Yes, I said “Popple” not “Poplar.” There are a goodly number of folks who don’t quite understand the difference, and the importance of that difference.
A few years ago my ire with this particular conflict was created when I visited the Philadelphia Museum of Art. On display they have a world-famous piece known as “The Medici Chest.”
Most interesting of this piece is the conservation and restoration being performed by the PMA, which I’ll link too as well. This conservation effort and the related documentation is awesome. What makes my teeth ache, however, is the general description of the piece:
“Made in Florence, Italy, Europec. 1450-60
Poplar with painted decoration…”
My first though was an acerbic query as to how a hardwood that hadn’t existed in Europe since the end of the last Ice Age was used in making this very large chest in the middle of the 1400’s. Columbus wouldn’t make his first attempt at circumnavigation for another 30-40 years, and even then it’d be still a while more before North American hardwoods would even begin to be exported back to Europe.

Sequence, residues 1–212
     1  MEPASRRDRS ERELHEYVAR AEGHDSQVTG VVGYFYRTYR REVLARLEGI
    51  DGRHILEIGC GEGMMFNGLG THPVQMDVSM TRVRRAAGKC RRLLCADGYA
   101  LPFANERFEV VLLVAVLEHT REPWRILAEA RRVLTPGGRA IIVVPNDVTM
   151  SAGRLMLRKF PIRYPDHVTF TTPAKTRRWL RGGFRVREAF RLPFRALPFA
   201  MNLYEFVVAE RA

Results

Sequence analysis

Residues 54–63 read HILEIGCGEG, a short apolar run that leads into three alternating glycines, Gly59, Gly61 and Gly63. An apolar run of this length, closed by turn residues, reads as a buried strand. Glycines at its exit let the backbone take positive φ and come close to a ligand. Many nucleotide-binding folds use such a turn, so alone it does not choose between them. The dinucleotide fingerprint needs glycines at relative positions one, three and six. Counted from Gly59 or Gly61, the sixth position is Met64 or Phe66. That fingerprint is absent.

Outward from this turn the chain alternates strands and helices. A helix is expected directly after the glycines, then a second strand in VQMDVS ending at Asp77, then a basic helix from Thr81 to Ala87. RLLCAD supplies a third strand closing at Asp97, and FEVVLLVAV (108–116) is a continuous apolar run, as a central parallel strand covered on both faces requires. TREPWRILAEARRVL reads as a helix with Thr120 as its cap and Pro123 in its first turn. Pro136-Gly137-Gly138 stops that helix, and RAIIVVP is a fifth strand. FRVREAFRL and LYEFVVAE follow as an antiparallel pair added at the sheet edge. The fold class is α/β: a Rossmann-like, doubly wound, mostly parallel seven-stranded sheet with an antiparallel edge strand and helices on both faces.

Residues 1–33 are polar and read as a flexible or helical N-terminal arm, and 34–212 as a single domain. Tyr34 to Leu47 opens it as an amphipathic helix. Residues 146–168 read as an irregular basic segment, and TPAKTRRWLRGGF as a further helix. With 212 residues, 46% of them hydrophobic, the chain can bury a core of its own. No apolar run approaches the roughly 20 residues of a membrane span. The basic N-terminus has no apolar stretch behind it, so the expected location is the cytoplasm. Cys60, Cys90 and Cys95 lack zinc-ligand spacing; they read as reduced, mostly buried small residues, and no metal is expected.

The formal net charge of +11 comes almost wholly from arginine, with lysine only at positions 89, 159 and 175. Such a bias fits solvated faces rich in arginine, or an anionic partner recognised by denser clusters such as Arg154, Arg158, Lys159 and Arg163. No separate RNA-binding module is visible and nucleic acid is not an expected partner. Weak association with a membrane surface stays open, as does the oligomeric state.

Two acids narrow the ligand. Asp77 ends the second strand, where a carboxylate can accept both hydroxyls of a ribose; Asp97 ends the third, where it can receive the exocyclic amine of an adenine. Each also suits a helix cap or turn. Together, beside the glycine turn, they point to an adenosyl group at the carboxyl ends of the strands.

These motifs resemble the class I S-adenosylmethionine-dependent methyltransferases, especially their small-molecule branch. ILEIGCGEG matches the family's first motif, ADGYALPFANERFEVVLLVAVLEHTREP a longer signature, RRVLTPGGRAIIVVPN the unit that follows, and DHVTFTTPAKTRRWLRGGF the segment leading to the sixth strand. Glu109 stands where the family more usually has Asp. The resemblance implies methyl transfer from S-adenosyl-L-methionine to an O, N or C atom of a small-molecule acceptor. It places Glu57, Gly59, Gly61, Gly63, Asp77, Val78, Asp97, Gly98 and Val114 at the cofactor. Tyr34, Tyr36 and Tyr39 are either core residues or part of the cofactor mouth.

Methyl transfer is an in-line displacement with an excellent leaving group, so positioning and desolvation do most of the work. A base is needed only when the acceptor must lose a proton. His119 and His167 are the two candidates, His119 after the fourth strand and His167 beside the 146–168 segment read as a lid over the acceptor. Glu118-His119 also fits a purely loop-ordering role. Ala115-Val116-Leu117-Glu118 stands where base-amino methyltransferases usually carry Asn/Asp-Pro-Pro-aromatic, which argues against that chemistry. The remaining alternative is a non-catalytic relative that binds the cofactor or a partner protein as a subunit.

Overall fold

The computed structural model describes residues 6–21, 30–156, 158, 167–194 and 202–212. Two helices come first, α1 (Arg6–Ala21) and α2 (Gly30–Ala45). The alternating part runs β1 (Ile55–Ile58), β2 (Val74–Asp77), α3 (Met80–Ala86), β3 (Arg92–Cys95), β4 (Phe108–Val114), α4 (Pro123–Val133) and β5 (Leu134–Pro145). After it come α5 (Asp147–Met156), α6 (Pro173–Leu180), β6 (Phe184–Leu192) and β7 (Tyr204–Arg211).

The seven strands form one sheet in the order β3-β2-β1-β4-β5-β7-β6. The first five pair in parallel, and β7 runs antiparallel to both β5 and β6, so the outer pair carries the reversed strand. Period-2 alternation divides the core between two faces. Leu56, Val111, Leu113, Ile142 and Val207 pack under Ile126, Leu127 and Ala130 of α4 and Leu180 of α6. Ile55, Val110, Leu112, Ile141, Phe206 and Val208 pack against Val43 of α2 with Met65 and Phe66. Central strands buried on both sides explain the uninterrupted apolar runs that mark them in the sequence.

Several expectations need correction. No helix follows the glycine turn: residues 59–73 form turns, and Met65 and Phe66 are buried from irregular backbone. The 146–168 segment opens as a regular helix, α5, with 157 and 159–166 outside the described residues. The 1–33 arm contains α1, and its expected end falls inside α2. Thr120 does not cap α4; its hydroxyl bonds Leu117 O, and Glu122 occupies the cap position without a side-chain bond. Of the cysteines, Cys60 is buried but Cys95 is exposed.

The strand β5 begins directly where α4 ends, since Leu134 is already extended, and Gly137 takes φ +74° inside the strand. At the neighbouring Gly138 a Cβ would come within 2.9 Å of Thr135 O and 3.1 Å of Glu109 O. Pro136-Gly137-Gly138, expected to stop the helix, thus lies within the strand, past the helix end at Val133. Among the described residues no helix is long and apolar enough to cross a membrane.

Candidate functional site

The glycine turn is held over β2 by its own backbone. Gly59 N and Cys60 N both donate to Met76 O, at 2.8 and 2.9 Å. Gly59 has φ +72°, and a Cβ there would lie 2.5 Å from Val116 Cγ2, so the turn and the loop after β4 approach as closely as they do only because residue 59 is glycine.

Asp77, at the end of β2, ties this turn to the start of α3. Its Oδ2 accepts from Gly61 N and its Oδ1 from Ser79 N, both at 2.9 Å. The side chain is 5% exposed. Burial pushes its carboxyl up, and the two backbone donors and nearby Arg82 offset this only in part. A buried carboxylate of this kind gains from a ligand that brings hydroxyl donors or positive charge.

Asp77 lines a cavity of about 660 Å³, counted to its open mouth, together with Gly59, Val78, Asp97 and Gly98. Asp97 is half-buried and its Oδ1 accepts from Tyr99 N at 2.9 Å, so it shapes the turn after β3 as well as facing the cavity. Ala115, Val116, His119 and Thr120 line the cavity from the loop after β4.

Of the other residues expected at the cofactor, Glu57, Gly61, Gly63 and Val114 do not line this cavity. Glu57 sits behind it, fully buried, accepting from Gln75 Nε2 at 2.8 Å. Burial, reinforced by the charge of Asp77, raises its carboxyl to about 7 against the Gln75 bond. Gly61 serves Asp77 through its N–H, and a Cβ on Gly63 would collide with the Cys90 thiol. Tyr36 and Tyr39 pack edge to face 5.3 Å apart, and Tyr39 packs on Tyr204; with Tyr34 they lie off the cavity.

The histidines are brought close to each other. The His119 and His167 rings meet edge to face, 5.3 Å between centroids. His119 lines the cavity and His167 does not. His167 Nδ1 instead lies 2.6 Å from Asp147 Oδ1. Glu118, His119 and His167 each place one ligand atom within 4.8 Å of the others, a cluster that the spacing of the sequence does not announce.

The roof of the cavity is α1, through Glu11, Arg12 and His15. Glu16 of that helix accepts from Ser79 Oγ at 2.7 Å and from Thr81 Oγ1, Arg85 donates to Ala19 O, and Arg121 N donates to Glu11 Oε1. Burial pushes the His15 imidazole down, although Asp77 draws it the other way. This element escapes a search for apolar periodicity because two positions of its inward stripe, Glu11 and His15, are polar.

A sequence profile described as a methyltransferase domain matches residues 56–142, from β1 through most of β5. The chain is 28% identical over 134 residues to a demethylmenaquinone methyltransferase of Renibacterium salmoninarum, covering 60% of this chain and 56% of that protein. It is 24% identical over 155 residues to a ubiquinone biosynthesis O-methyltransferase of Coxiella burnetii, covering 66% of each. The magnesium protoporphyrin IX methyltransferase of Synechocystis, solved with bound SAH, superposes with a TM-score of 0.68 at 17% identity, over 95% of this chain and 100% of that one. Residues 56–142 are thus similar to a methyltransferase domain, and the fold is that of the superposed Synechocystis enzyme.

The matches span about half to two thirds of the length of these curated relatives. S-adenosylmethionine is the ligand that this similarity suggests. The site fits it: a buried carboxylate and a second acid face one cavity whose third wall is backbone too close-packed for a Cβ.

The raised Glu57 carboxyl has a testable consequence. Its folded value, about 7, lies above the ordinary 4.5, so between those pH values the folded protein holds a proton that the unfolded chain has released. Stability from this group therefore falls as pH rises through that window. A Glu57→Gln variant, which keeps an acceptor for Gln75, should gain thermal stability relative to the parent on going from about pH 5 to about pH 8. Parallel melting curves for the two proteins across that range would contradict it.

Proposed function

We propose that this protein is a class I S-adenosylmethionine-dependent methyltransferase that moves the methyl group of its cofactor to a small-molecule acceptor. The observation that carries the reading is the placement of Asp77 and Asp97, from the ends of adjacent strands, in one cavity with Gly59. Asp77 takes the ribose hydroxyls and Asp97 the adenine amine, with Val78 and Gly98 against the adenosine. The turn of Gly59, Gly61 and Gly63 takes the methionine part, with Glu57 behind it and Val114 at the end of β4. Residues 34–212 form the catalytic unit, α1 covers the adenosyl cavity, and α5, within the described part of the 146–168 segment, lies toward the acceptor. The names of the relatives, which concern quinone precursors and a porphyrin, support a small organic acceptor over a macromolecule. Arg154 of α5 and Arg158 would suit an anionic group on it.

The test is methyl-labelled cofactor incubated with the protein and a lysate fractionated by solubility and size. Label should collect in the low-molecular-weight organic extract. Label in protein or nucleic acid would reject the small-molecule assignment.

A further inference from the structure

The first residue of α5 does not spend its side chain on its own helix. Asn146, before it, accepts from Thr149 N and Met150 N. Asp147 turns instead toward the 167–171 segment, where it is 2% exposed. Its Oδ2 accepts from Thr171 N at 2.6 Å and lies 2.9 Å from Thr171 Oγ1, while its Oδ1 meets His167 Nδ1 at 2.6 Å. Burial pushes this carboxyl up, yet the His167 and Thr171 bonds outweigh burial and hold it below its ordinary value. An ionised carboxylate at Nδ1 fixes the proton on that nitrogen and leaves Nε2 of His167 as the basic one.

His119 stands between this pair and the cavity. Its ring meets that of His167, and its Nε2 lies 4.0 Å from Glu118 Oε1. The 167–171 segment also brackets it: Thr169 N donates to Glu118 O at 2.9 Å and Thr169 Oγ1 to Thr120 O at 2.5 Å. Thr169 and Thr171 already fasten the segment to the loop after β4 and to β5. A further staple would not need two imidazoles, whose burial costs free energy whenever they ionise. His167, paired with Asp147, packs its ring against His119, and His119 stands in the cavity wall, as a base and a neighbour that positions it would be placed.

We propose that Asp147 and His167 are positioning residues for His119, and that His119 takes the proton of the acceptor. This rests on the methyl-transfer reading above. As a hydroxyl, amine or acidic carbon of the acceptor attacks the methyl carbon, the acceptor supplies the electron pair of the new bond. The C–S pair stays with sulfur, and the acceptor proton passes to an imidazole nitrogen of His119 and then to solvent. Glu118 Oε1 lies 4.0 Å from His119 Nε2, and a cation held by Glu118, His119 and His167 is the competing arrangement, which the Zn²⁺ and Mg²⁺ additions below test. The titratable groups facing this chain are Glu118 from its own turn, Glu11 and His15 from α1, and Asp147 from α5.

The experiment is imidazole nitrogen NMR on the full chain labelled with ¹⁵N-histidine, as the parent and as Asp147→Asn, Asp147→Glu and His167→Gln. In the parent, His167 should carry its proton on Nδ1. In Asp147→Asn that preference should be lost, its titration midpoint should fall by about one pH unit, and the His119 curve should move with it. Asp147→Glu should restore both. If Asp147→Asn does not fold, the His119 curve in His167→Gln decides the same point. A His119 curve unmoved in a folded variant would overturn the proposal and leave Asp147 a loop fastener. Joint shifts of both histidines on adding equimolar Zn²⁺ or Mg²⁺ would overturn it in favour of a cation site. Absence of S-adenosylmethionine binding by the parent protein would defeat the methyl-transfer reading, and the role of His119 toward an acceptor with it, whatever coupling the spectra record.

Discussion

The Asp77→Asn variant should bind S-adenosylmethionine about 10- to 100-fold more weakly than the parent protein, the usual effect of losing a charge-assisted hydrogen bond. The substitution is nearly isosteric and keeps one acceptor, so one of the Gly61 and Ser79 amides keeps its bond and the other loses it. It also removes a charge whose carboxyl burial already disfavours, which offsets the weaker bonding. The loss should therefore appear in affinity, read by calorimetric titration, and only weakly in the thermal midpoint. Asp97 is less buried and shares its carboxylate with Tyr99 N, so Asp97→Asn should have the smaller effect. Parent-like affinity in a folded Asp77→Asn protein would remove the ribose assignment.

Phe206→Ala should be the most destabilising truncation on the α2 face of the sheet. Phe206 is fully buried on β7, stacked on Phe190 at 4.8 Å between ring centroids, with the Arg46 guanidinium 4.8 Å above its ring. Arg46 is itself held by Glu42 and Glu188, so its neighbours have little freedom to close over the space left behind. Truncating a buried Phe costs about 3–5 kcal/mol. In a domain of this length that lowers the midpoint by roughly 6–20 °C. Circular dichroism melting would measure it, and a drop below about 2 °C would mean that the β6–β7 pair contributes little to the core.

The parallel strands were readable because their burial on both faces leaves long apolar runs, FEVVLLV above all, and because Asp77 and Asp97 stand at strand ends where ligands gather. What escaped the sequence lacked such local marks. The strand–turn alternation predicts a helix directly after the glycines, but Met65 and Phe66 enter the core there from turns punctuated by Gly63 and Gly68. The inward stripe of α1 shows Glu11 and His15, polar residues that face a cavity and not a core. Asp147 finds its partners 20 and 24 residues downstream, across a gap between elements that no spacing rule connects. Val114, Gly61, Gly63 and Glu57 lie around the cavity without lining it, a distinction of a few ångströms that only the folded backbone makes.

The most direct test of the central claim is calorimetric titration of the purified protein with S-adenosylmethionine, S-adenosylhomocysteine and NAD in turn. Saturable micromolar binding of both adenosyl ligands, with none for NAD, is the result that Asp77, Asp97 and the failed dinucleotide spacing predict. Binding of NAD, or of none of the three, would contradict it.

Really this is a common problem due to the differences in naming practices between the US and Europe. What Europeans (generally) call Poplar, Americans call Popple. What Americans call Poplar is what the rest of the world refers to as
North American Poop Wood Tulip Poplar. This is another instance where I am dismayed by the curators and museum staff when it comes to accuracy. If they wanted to be more accurate without the confusion, they could change the card to read that this chest is made out of Cottonwood.
Yep, I said Cottonwood. Populus nigra is native to Southern Europe (Italy, Spain, Southern France) and one of the three Species of the Populus Genus to be named “Cottonwood.” The other two are common North American woods, Eastern and Western Cottonwood (Populus deltoides and Populus fremontii, respectively). Granted, it could also be White Popple (Populus Alba), or equally incorrectly identified and actually a species of the group known as as Aspens. Regardless, in any of these cases we are at least in the same genus when discussing the lumber used in making this chest. Tulip Poplar, for record, is correctly known as Liriodendron tulipfera. Though the working properties are vaguely similar, Tulip Poplar is nothing close to actual European Poplar.
This week I’ll be working on some basic six board chests. By happenstance, I will have the opportunity to use Eastern Cottonwood which is amazingly close to European Popple. And, it’s probably the least expensive lumber one can find in the Midwest United States.